Flintstone Stargazing

January 18, 2008

Mercury rising

Filed under: astronomy, Planets — Tags: — Ed @ 3:00 pm

With the latest images from NASA’s Messenger mission, the planet Mercury has been in the news quite a lot over the past week or so. The striking images of a barren, cratered world (much like the Moon) have provided a glimpse of a planet that has only been visited by one other probe (and that one, Mariner 10, was over 30 years ago) and was at that time incompletely imaged. The new images cover areas of Mercury never seen in detail before. Mercury, which is the smallest of the innermost planets is very hard to image because it never gets very high in a dark sky due to its proximity to the Sun. It can only be imaged right after sunset or right before sunrise because of this. By happy coincidence, tonight begins a series of about a week during which the planet may be high enough that I might be able to image it (assuming the currently mostly clear skies hold…) I’m definitely going to try. It should be bright enough to be visible for almost an hour after sunset. it will be in the southwest, setting very close to where the sun sets. So if you want to try to see it visually, make a note of where the sun sets (scheduled for 5:55pm tonight) and look up (not very far) from where the sun sets and south, just a little, and it should be the brightest “star” in that area. It probably won’t be visible until about the time you start seeing other stars so that could mean 7:00. It will set around 8:20 7:20, but in my case it should set before that because Lookout Mountain moves my horizon up above the true horizon. If I get any images, I’ll make sure to post them here. If you see Mercury, please let me know. I’m sure I’ve never seen it before and realized what it was so I’m excited to see it for the first time tonight.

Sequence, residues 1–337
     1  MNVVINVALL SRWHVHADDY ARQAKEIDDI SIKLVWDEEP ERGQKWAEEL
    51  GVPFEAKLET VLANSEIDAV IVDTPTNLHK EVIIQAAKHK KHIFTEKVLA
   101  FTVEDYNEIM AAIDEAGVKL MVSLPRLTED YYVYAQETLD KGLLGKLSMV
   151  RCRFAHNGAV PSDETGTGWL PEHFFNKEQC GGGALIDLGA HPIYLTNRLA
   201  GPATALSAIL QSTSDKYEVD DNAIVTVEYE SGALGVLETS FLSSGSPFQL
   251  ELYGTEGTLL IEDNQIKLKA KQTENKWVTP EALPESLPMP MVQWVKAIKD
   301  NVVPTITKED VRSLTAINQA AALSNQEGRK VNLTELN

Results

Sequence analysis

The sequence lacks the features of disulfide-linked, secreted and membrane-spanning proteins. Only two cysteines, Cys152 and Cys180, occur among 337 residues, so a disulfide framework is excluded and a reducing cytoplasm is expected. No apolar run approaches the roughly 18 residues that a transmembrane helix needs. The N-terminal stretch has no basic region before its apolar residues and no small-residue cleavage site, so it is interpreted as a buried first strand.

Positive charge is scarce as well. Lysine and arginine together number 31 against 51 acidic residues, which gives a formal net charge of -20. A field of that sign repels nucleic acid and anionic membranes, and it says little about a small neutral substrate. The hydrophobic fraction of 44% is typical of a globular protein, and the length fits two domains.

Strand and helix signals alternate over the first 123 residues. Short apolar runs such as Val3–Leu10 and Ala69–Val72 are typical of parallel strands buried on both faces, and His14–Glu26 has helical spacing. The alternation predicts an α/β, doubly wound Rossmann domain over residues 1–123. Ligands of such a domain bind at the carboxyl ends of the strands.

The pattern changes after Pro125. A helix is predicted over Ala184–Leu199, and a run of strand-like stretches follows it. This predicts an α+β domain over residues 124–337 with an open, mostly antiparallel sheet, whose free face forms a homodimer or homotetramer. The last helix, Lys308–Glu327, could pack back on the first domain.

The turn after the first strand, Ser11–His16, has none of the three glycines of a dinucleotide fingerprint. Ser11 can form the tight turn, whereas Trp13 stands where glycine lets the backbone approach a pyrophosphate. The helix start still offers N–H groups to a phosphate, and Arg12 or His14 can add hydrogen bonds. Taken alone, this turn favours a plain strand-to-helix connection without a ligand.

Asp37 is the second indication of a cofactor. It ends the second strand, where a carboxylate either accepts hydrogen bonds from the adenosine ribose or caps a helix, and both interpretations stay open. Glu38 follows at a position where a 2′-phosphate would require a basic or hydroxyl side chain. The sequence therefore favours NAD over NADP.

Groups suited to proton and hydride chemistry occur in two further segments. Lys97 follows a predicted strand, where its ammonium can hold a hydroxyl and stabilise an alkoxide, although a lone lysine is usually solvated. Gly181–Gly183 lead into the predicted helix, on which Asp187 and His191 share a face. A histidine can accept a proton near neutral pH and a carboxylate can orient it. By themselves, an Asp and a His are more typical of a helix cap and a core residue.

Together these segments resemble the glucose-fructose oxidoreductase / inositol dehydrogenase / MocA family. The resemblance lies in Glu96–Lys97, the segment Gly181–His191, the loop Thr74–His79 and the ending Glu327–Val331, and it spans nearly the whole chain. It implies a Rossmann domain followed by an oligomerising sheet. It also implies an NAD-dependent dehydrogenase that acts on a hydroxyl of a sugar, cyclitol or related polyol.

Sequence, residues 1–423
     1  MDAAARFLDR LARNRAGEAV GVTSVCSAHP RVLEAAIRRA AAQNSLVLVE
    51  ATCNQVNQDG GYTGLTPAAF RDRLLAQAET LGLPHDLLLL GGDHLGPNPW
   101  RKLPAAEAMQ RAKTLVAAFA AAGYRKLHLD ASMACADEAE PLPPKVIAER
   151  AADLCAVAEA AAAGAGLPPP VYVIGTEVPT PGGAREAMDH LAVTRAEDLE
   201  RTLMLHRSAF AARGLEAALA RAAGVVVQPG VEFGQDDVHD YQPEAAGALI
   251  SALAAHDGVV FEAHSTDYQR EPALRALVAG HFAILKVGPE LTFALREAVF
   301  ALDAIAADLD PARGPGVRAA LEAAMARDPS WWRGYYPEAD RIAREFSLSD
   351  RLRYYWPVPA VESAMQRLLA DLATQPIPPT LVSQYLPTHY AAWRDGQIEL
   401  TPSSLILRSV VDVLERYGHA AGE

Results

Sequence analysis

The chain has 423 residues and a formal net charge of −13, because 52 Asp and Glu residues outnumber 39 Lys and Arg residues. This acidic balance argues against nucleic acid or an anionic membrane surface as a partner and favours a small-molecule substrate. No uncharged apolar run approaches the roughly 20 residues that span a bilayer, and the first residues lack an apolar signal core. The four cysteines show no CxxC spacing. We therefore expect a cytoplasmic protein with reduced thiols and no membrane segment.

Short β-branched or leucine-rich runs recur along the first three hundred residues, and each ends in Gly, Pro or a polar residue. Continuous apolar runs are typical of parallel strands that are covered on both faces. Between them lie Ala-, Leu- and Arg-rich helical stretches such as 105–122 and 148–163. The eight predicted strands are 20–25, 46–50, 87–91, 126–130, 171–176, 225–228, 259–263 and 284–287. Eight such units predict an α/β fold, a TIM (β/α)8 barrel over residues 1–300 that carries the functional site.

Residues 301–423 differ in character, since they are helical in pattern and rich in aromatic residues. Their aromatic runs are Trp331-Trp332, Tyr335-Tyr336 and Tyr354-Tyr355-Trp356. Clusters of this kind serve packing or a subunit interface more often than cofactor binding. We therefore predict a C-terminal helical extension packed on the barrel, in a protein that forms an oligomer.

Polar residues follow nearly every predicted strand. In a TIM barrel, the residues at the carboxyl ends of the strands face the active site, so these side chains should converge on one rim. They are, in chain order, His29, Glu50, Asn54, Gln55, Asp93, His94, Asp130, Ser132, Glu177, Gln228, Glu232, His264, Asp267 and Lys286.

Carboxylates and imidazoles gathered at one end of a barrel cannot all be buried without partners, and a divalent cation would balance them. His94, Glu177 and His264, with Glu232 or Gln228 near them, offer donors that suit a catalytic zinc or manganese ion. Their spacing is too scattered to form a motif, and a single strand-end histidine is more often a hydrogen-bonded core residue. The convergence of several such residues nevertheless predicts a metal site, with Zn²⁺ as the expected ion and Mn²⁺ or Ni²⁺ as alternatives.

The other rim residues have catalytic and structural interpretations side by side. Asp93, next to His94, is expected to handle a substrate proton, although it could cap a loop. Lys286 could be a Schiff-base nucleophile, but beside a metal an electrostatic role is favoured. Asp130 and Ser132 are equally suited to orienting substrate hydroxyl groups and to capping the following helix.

Update: Pretty much at sunset, two layers of clouds moved in, particularly heavy in the West so I didn’t see anything. Well, I’ve got several days to try. If it clears up later, I may get out the scope. I got an illuminated Plossl eyepiece (for precise error correction of the mount) and a 5X Barlow for viewing things really up close (specifically planets and the Moon) today. I’d like to try them out.

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